“HOME IS WHERE FAMILY IS.” – Alico, Cukur 53

” Home is where the heart is, not here. You told me, you promised me, you promised me, uncle, did you forget about it? You promised and you forgot. “

Alico, everyone’s favourite Cukurian has a mysterious background. Last week we found out that he was visited by his mother in his dreams and that he still longs for her. This week we found out how he was first adopted into the Kocovali clan by Idris, who rescued him from a bunch of bully boys. I’ve been scathing in my criticism of Idris on several occasions. After this episode, I’m willing to eat a very small slice (a sliver, really) of humble pie because of his kindness towards and inclusiveness of Alico. Perhaps a small bowl of soup would be more appropriate. because I know now why visitors to his house by the water frequently take him chorba with bread as a courtesy and why he is always delighted to receive it, especially if the soup is hot and the bread is fresh.

I want in this review to focus on three of the characters because I am fascinated with the patterns of behaviour that I see developing in these three men, over time and as we get more information. These are Alico, Vartolu/Salih and Ceto.

Before I do so, I acknowledge that a good part of this episode is about taking care of business, about the reestablishment of order, setting some financial goals and building of new “commercial” relationships to replace those fractured by the Kocovali exit from Cukur. Nothing exists in a vacuum. Other, newer players have entered the market in their absence. Credit, once an understood part of any business arrangement is non-existent and there is no leverage to be had by talking about the old times. The commodity upon which the Kocovali business empire was built is not accessible without cash, Pasa the arms expert is gone, the Old Boys club is defunct and money is desperately short. A start is finally made when Yamac finds favour with a genuine crazy, recognizing that they are both somewhat challenged in the sanity stakes. They “get” one another, and that’s the basis for a fresh enterprise, of sorts…

I also want to comment on the replaying at the beginning of this episode of what I am unilaterally calling “The Banner Scene”, the final part of Episode 52. It’s as if the production team want us to be very clear that the Kocovali have returned, make no mistake about it, look at these leaders again, see their faces, look up and see the rest of the team on the rooftops. See the symbol which we all know so well signifies family, the symbol we wear on our bodies and draw on our walls. Watch Yamac’s grin of “welcome” morph into a grimace of determination.

Look, Karakuzu, with your cavalcade of black cars and your crowds of brainwashed boys, because this how it is going to be. Keep looking up, Ceto and Mahsun, and now Avni instead of Ersoy.

Alico is determined that Idris will return to Cukur and he will not be distracted from his mission. Home is where the family is and Alico calls in the promise made to him years ago. He is very concerned about the loneliness that must be Idris’ lot in his present situation. Alico even tries to find out if Idris has a companion, picking up on Sultan’s observation that Idris was not alone, a situation that she would like to be confirmed or not, I imagine. The upshot of his surprise visit to his Uncle Idris is a return home, with Alico a proud escort, but not before we have a flashback to the episode which brought him into the family fold in the first place. Here, the kindness and sensitivity of which Idris is capable is visible, but I’m still wary of liking him too much.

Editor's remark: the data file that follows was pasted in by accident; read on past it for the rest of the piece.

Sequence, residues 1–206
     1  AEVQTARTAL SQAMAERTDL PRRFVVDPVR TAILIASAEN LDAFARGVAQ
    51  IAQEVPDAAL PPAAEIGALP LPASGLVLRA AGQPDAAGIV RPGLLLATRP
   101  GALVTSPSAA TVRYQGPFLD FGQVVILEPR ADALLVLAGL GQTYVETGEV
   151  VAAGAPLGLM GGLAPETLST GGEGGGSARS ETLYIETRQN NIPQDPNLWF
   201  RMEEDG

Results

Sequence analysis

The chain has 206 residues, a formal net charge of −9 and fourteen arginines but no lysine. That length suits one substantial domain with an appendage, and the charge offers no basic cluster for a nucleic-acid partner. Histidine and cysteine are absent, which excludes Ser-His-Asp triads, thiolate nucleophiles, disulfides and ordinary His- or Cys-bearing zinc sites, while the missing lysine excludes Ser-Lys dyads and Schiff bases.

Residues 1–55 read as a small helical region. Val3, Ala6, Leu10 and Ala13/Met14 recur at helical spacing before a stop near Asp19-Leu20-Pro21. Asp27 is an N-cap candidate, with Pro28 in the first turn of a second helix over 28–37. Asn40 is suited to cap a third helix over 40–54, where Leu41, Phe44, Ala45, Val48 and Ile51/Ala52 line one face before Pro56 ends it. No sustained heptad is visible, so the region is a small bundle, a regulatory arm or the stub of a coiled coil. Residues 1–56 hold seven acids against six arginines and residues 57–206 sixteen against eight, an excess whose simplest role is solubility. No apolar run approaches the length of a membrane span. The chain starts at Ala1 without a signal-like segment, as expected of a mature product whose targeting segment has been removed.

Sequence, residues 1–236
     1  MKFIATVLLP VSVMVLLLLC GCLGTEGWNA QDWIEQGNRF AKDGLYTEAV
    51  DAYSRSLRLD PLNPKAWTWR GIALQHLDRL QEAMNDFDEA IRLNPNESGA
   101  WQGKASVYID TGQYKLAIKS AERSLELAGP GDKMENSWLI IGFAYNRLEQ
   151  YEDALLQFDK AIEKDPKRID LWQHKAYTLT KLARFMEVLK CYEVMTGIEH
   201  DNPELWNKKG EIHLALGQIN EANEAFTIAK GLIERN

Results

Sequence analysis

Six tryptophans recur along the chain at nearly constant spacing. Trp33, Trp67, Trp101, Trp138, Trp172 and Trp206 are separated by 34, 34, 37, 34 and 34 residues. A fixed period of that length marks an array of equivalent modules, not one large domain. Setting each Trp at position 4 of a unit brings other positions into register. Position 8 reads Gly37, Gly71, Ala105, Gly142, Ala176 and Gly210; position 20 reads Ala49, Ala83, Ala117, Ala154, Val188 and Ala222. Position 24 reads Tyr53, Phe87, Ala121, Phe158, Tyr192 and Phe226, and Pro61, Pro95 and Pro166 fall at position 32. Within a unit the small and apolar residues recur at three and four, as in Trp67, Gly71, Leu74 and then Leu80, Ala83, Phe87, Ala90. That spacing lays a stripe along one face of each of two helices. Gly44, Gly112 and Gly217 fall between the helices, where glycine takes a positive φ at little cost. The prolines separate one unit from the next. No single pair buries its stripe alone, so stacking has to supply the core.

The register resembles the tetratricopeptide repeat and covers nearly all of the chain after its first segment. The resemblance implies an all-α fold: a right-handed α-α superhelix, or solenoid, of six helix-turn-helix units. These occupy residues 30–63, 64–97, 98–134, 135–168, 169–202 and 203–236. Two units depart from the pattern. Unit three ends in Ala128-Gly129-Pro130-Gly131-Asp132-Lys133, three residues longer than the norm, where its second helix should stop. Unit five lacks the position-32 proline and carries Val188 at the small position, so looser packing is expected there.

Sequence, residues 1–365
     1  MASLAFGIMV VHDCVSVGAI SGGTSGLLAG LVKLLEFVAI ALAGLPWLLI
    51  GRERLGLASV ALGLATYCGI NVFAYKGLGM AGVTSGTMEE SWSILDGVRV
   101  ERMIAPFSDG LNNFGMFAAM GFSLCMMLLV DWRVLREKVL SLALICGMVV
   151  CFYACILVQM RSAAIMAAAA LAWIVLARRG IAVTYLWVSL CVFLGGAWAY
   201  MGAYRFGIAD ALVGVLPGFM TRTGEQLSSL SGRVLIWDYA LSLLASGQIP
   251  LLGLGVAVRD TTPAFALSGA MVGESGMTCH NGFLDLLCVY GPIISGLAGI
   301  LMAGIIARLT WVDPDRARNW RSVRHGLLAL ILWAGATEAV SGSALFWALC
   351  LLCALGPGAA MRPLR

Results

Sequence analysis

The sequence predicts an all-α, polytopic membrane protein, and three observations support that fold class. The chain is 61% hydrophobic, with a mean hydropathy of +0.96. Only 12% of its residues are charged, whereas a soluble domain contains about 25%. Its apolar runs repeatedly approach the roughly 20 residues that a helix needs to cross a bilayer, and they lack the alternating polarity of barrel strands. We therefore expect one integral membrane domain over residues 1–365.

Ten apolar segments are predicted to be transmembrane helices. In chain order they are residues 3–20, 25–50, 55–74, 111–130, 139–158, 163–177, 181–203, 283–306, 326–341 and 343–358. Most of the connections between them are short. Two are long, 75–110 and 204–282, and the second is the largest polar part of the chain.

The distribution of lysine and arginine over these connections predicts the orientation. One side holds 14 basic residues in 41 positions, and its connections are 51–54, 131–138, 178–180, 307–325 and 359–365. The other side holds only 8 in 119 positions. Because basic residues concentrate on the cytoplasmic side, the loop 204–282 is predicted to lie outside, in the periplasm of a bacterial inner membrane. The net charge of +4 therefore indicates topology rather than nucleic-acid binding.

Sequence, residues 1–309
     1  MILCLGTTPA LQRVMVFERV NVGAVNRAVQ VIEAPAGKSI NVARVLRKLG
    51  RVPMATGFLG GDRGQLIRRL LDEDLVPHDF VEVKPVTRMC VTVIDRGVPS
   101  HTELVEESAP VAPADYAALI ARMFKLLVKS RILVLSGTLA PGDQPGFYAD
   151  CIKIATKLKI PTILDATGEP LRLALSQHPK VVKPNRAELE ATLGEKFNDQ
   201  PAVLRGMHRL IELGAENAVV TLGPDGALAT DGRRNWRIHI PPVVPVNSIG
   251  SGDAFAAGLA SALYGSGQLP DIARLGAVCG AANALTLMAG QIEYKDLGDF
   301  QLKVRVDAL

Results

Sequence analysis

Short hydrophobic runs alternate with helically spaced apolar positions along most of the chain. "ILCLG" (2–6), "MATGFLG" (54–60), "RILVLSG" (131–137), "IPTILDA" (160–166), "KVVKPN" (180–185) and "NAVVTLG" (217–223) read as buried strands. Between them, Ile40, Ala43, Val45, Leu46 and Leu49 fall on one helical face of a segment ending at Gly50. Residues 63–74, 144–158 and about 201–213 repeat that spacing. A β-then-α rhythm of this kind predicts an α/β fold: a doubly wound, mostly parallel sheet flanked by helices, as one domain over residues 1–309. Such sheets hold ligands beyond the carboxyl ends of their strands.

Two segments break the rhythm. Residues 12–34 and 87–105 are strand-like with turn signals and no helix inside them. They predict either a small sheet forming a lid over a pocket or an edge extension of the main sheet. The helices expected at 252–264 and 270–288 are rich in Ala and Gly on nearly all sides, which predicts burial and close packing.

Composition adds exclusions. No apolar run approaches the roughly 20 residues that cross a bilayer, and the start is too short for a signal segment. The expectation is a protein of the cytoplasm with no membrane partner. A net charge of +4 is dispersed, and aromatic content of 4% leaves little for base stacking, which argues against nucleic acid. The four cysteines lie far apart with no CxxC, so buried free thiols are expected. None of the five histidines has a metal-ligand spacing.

This is all very well, but what about the way he has treated his own sons in the past? I still can’t forget his terrible denial of Vartolu, who underneath the tough façade wanted nothing so much as forgiveness and a chance to be his son and part of the family which he was so long denied. How about the bleakness of Idris interactions with Selim? Why, in all those years, did he not visit Cumali in gaol? I also don’t much like the way his sons let him off the hook, like puppies clamouring for a pat on the head.

Back now to Alico, the first of the three characters who have claimed most of my Cukur energy this week. We find out that Idris first rescued him and brought him to the big house, which becomes Home Base for him as well as for Idris and his children. We still have lots to learn about the paper collector who took his cart into the wrong territory and got beaten for his trouble. We don’t know, despite Idris careful questioning, where he comes from and who he belongs to. He tells us that his father is gone and he calls for his mother in his sleep, telling her of his love for her. We don’t know yet how he came to be close with the Kocovali kids and most importantly, how the special psychic bond with Yamac came about. He has been one of the lonely ones in the past. In this episode ,we learn only of him and Idris, his love of this uncle and his determination that Idris will be in his rightful place, his home in Cukur, so that all has a chance to be right in his world. There’s so much more to find out and I think we’re only going to get a dripfeed.

I’ve loved Vartolu/Salih since the beginning and have wanted so much for him to finally be part of this family. I accept that the murder of Kamrahan is always going to be his major road block even though his remorse for that act is clear and present. As with all of the bad that we do as humans, the facts never disappear and he knows the price he must pay. Idris’ eventual acceptance of him as his son is another cause for my dislike of the older man to shrink, a bit, and I am touched by Yamac’s generosity of spirit as he reaches out to draw Salih into the family fold.